Terry’s Take: Lightning, an illuminating force
Did you know that at any given moment, there are 1,800 thunderstorms in progress somewhere on Earth? This amounts to 16 million storms a year! In the United States, there are an estimated 25 million cloud-to-ground lightning flashes each year. While lightning can be fascinating to watch, it is also extremely dangerous and highly underrated as a killer. In fact, on average more people have died from lightning strikes than hurricanes over the past 30 years.
According to statistics kept by the National Weather Service, the 30 year average for lightning fatalities across the country is 61. Lightning usually claims only one or two victims at a time, and because lightning does not cause mass destruction, such as from a tornado event or a hurricane, lightning generally receives much less attention than the more destructive storm-related events. Due to under reporting, it is estimated that, more realistically, about 100 – 120 deaths per year occur because of lightning. Documented lightning injuries in the United States average 300 per year; however undocumented lightning injuries are likely much higher.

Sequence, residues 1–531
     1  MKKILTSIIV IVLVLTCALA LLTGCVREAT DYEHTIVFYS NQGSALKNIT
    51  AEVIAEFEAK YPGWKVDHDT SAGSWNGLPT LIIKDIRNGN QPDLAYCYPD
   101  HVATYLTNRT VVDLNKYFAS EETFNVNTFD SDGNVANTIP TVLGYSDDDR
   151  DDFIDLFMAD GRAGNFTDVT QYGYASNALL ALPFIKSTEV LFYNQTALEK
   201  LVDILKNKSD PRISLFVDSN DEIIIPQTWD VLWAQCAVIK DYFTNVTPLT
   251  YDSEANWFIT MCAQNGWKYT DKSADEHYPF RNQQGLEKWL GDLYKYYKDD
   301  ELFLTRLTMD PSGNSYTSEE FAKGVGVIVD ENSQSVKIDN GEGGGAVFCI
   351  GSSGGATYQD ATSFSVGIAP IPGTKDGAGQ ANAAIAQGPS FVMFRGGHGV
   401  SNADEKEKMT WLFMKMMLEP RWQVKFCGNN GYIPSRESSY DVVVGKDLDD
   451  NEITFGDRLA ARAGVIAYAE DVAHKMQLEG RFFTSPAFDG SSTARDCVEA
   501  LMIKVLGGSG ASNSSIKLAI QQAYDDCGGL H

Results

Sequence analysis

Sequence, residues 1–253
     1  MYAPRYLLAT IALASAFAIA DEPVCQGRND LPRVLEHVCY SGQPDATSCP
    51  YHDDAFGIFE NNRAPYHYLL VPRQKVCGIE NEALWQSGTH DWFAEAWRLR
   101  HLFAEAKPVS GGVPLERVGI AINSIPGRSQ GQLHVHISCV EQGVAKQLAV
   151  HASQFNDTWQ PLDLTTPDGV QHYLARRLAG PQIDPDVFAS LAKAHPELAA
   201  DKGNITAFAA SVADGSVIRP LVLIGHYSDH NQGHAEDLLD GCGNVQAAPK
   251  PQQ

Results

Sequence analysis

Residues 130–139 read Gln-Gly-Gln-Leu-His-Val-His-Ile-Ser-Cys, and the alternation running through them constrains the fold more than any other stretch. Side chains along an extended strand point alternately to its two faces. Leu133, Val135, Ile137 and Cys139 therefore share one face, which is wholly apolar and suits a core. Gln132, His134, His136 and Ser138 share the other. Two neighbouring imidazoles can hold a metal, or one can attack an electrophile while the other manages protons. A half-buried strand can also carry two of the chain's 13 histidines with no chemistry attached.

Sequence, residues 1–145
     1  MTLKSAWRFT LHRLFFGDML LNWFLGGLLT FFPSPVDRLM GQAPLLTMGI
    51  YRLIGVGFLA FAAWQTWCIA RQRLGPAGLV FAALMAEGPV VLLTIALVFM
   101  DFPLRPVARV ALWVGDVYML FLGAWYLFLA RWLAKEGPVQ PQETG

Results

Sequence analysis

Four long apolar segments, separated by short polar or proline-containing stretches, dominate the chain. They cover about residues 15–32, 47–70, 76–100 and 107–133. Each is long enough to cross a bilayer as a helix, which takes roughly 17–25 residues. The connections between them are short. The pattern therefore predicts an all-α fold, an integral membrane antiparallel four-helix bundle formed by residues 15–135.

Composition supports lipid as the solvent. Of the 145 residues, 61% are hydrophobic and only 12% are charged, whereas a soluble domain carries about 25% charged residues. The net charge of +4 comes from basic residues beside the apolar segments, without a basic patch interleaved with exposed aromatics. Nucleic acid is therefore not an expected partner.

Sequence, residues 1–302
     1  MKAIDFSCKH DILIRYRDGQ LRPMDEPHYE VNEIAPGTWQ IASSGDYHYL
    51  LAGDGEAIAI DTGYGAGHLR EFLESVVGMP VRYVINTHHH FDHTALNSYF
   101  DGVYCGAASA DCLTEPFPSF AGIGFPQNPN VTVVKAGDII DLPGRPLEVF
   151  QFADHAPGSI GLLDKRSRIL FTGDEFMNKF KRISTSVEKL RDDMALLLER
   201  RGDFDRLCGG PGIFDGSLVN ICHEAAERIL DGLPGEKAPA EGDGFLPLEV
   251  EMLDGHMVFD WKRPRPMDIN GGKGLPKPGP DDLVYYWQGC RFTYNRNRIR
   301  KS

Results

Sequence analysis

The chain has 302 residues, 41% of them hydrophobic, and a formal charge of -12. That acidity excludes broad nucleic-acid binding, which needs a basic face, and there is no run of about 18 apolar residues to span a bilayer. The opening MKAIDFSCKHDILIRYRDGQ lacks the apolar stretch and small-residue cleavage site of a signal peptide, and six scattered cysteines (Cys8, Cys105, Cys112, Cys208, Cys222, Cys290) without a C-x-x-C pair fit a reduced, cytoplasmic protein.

In Iowa there have been 72 deaths attributed to lightning from 1959 – 2012 while in Illinois the number is even greater at 101.
The formation of ice in a cloud appears to be a very important element in the development of lightning in a storm. The collision of ice and water particles causes separation of the positive and negative electric charges in the particles. Positive charged ice particles tend to collect in the upper parts of the storm, with negative charged particles in the middle and lower parts of the storm. These opposite charges attract, thus “in-cloud” lightning is often produced.
As the negative particles gather at the bottom of the storm cloud, a pool of positively charged particles gather along the ground and travel with the storm. As the differences in charges increase, positively charged particles rise up taller objects such as trees, houses, and even people. If you are near a storm, and your hair stands on end, the particles are moving up you! The negative charged particles extend down from the cloud in “steps” and form a step leader. When it gets close enough to the ground or a tall object filled with positive particles, a channel is formed and an electrical transfer takes place. There can be several “strokes” which you see as flickering light. The channel heats to about 30,000 degrees Fahrenheit!. The rapid expansion of the heated air around the channel breaks the sound barrier, and you hear thunder. By the way, one lightning stoke can generate between 100 million and 1 billion volts of electricity! Now that’s what I call an illuminating force.